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America's Tevatron collider shut down, but not easily

Image: Giovani Punzi
Employees man the main control room that runs all the accelerators at the Fermi National Accelerator Laboratory in Batavia, Ill., including the Tevatron collider.M. Spencer Green / AP
/ Source: LiveScience

One of the world's most powerful atom smashers, the Tevatron, shut down Friday, with video from the event streamed online.

The atom smasher is located at the federal Fermilab physics laboratory in Batavia, Ill. Inside the accelerator, particles were ramped up to near light speed as they zipped around a 4-mile-round (6.3-kilometer-round) ring. When two particles collided, they disintegrated into other exotic particles in a powerful outpouring of energy.

While it was once the most powerful atom smasher, the Tevatron was surpassed by the new Large Hadron Collider at Europe's CERN physics lab on the French-Swiss border. [Twisted Physics: 7 Mind-Blowing Findings]

The Tevatron's end came a little after 2:30 p.m. CT (3:30 p.m. ET), as Fermilab physicist Helen Edwards pushed two specially constructed buttons, one red and the other blue. The red button shut down the collision of protons and antiprotons in the Tevatron. The blue button shut off the electrical current to the accelerator.

That one, Edwards had to push twice.

"It didn't want to give up so easy," said Bob Mau, the head of the accelerator division operation department at Fermilab, who was leading the live-streamed shutdown. 

The 28-year-old Tevatron was most recently in the news in April when a report suggested the accelerator's CDF experiment might have detected a never-before-seen subatomic particle. However, further tests have suggested that the tantalizing signal was a fluke.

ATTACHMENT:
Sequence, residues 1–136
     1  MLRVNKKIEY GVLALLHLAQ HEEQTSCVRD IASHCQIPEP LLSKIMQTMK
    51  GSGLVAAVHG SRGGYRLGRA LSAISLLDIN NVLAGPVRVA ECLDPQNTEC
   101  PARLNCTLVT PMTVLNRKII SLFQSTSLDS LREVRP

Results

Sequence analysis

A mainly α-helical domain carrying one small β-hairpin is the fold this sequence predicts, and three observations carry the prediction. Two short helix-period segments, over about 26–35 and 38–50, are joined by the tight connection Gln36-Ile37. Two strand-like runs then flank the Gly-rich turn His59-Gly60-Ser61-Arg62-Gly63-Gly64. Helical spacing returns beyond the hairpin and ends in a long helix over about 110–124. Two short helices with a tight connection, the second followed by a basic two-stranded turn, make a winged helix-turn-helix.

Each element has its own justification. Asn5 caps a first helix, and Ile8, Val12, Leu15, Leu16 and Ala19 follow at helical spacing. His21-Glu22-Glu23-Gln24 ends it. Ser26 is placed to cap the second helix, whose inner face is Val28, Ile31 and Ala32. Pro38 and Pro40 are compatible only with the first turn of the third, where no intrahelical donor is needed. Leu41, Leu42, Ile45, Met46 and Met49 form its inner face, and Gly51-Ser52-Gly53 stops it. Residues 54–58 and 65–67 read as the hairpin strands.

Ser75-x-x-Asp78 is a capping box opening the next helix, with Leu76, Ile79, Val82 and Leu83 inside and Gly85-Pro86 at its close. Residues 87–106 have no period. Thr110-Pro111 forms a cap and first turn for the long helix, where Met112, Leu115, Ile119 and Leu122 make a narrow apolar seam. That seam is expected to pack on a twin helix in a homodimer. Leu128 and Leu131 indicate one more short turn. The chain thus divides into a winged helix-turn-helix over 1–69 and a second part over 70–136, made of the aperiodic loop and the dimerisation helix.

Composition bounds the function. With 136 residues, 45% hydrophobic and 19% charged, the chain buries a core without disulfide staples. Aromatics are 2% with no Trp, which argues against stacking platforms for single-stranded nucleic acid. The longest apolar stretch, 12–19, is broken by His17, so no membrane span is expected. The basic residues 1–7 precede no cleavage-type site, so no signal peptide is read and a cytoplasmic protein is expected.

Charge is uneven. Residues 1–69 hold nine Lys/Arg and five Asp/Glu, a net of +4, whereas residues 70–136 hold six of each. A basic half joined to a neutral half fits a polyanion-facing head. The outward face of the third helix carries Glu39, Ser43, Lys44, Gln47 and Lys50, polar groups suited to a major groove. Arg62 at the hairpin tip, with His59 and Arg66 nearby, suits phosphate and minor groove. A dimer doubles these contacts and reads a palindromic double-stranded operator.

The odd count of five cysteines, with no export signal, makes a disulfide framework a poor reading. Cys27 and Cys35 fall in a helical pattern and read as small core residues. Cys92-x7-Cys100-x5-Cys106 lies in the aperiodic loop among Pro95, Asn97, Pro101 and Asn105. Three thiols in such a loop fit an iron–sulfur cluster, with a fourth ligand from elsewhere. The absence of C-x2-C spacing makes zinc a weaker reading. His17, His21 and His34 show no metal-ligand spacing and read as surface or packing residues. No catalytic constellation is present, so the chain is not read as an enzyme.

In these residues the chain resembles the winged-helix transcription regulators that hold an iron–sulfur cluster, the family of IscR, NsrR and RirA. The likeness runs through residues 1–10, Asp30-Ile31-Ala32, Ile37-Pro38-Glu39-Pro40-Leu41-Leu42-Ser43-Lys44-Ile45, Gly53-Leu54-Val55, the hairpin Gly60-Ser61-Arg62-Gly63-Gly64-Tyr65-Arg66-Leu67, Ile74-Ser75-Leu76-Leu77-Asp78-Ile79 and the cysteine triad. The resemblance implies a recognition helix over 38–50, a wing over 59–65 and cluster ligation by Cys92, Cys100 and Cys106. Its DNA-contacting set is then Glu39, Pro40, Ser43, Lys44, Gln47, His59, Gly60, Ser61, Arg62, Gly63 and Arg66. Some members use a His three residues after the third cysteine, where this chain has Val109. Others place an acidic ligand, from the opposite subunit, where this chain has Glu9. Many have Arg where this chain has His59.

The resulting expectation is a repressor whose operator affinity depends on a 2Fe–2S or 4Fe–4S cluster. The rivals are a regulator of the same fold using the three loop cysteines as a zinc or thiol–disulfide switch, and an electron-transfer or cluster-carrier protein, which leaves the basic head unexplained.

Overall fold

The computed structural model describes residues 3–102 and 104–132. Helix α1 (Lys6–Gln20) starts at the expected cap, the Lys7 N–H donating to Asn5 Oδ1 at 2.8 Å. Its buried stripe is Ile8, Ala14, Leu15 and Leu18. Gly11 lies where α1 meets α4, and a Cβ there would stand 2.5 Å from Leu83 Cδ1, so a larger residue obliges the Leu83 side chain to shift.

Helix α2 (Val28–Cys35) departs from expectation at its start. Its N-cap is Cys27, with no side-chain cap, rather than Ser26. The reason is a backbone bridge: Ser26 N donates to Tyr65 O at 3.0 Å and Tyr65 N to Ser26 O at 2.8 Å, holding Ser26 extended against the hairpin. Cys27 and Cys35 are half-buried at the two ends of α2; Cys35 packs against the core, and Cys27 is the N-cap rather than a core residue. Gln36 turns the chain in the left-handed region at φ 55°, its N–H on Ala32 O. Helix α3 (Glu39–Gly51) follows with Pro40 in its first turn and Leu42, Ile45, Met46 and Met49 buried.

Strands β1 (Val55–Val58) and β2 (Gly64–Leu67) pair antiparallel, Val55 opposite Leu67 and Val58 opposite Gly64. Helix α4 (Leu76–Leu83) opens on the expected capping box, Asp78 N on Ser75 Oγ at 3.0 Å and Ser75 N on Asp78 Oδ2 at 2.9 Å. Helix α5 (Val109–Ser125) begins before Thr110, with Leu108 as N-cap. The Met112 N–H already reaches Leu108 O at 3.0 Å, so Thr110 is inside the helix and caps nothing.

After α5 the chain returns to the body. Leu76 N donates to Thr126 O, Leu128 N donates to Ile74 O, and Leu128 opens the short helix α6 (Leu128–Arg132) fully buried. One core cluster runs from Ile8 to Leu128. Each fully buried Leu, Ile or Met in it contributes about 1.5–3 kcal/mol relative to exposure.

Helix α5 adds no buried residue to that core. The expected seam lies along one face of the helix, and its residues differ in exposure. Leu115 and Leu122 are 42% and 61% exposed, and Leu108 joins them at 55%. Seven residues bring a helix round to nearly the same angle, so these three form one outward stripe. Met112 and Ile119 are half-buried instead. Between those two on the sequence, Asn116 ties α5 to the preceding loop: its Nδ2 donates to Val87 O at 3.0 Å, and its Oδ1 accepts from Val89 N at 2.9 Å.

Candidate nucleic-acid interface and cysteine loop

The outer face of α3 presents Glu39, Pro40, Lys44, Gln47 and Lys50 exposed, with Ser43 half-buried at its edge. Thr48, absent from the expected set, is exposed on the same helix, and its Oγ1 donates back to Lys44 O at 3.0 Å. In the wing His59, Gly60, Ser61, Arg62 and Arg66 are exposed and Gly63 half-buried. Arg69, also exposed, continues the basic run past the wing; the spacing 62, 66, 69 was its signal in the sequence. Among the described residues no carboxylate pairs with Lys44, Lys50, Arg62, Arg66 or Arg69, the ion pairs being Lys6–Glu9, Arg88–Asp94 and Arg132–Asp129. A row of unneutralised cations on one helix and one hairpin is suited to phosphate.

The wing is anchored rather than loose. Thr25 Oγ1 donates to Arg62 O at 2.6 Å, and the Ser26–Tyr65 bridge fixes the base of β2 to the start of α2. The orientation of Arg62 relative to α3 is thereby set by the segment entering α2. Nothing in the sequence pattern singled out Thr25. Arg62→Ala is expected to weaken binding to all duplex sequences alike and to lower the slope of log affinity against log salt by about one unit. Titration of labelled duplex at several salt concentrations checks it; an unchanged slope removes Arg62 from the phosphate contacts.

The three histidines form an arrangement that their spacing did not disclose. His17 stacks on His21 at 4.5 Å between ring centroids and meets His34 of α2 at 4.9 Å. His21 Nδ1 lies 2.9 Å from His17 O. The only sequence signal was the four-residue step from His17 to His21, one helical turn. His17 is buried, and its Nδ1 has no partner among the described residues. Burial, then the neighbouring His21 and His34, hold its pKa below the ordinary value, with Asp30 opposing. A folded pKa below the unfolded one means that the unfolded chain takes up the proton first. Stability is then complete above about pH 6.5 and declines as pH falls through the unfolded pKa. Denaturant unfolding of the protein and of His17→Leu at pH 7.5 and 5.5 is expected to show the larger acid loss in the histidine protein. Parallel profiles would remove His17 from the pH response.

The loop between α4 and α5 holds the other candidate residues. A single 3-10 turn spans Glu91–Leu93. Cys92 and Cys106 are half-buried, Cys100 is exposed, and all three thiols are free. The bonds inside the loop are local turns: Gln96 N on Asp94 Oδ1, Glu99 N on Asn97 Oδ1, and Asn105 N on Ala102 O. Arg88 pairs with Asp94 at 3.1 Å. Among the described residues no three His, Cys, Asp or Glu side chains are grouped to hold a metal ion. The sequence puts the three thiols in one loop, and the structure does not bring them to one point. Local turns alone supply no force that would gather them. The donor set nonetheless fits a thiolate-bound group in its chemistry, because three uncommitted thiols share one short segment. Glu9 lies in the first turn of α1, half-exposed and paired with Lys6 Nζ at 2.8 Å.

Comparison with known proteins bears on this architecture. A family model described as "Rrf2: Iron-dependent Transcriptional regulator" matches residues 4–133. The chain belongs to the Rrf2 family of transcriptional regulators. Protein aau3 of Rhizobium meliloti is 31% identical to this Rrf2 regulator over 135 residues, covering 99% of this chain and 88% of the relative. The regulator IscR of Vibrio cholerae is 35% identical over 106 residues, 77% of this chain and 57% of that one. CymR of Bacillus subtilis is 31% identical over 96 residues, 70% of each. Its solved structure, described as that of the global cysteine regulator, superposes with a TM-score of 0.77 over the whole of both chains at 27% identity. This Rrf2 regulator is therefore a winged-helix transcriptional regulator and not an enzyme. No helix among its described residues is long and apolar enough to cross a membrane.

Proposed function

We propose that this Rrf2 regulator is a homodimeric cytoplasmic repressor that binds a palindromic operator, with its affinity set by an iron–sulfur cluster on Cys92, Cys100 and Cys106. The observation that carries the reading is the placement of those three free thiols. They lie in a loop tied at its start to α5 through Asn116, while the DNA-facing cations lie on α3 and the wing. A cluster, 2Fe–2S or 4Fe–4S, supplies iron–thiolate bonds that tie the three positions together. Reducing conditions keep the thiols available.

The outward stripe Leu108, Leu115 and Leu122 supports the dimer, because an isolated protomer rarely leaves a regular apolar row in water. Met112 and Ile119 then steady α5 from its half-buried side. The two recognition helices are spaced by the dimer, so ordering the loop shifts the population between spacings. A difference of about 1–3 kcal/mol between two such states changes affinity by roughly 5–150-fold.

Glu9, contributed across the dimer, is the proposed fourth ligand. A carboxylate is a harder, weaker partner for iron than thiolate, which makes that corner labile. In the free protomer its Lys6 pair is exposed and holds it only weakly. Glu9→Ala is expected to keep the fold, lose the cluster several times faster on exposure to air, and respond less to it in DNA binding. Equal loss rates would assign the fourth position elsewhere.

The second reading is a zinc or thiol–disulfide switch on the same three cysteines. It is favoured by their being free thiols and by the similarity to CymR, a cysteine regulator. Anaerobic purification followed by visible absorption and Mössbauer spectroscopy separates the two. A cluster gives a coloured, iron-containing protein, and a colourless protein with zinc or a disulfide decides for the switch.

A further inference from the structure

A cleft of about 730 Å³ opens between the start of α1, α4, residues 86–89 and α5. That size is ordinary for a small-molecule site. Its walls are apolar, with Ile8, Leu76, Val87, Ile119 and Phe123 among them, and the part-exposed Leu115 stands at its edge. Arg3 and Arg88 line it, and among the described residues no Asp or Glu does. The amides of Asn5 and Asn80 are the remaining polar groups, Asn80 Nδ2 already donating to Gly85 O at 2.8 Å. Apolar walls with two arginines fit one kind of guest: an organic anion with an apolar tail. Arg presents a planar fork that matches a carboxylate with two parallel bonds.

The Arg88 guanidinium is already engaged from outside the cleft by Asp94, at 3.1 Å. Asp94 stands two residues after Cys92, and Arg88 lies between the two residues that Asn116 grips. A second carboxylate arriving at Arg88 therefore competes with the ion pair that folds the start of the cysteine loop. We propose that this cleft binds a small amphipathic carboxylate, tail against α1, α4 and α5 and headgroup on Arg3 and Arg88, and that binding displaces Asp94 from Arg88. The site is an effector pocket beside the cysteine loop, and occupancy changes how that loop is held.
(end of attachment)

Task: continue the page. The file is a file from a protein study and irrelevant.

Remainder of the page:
The Tevatron played a part in some major physics finds, such as the existence of the top quark and five baryons. The baryon discovery helped scientists test and refine the Standard Model of particle physics and shape our understanding of matter, energy, space and time. 

The experiments at Tevatron have also helped narrow down the search for the elusive Higgs boson, or "God particle." LHC physicists are on the hunt for the Higgs, the last fundamental particle to be predicted by the Standard Model but not found.

Officials said those involved with the two detector experiments, CDF and DZero, will continue to analyze already-collected data. Those results will be detailed in future scientific papers. The studies at the two detectors are aimed at understanding and identifying the origin of mass, extra dimensions of space and new particles.

In addition, Fermilab officials say they will continue to operate most of the 10 particle accelerators onsite to generate particle beams for experiments involving protons, neutrinos and muons.

The mood today, however, was nostalgic. 

"For many of us, CDF is more than a machine," CDF scientist Ben Kilminster said as he and his team shut down their detector. "It's a living creature that has the superhuman ability to see the microscopic quantum world. So it's going to be with heavy hearts that many of us watch it close its eyes to this world that has captivated us for so long."